Three graduate students from College of Sciences attended the inaugural Communicating Science Conference—Atlanta (ComSciCon-Atlanta), held on March 1-2, 2018, at Georgia Tech. Like the 46 other participants, they wanted to improve how to talk to nonscientists about their research.
The Alumni Magazine thought it would be a blast to talk to Dufek about his work at Tech and find out if we’re all inevitably doomed to die under mounds of volcanic ash and lava.
Many of us grew up thinking of California as the epicenter of most earthquake activity in the United States. (It’s really Alaska.) But today, in the contiguous U.S., most of the major tremors—magnitude 3 or higher—actually occur in Oklahoma. And these tremors don’t appear to come from wholly natural causes.
It's been all lightning bolts for Laura and James Belanger, who met at Georgia Tech as undergraduates, fell in love, got married and pursued careers as rival forecasters for two of the nation's biggest weather services.
Two members of the College of Sciences Dean's Office are members of the second cohort of the Leading Women@Tech program: Director of Administration Dian Chung and Director of Communications Maureen Rouhi. In addition, Julie Ancis, adjunct professor in the School of Psychology, is the program's co-director.
Jenny McGuire is one of several scientists featured in a documentary that WyomingPBS will air twice in February.
Spring in Atlanta is just a few weeks away, and with it arrives science festival time. The 2018 Atlanta Science Festival (2018ASF) shifts the annual festivities to fifth gear with two major innovations: two weeks of science fun – March 9-24, 2018 – instead of one and the designation of an honorary chair.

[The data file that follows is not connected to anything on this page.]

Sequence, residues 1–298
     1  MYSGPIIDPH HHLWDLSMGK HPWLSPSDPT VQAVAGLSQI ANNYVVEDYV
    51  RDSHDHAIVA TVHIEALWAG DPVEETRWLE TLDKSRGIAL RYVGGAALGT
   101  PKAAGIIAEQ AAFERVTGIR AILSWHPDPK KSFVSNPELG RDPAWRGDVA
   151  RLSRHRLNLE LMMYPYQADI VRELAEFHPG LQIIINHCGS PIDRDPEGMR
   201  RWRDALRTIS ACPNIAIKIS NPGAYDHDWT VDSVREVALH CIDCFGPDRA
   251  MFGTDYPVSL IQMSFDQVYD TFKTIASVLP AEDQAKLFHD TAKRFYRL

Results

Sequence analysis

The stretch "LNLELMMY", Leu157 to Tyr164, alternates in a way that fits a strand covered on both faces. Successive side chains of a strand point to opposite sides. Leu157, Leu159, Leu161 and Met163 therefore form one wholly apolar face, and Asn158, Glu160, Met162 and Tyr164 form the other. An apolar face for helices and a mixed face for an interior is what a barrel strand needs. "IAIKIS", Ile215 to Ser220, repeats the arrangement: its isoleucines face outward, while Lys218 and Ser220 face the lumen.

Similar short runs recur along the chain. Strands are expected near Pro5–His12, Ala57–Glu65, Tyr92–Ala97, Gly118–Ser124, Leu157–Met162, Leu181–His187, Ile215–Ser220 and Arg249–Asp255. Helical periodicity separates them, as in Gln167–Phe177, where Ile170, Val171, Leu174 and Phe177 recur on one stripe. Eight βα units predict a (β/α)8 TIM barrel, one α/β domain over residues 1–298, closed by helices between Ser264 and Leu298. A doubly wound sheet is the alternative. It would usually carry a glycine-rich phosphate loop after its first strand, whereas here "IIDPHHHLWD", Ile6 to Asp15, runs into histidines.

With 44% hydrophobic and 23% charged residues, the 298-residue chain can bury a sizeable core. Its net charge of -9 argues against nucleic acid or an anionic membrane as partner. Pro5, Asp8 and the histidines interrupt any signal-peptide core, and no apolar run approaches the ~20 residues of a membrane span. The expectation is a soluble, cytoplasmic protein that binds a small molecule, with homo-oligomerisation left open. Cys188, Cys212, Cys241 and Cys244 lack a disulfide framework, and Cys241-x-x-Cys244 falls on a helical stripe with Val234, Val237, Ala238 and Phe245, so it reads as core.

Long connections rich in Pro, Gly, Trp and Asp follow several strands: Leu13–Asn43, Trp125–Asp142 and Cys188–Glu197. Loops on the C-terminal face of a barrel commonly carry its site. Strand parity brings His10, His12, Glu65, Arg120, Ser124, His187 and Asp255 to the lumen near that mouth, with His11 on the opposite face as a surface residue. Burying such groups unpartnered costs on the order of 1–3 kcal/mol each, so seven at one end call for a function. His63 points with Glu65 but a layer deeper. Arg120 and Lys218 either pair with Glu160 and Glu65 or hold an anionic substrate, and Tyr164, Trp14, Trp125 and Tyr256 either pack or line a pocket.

Georgia Tech has developed a new way of mining data from climate data sets that is more self-contained than traditional tools. The methodology brings out commonalities of data sets without as much expertise from the user, allowing scientists to trust the data and get more robust — and transparent — results.
For the sixth year in a row, the Georgia Tech community will partake of a community meal to discuss the life and legacy of civil rights leader Martin Luther King Jr. The meal is called Sunday Supper, even though it takes place during the workweek. The gathering evokes Sunday dinners of yore, when two or more generations of family and friends shared a comforting meal. It was a time to exchange stories, learn family histories, and discuss current events or concerns.
Zhigang Peng wants you to hear Earth’s rumblings. Kenji Bomar wants to capture the exquisite beauty of the air around objects. Jennifer Leavey would like to spice up science instruction with sprinklings of punk rock science lyrics.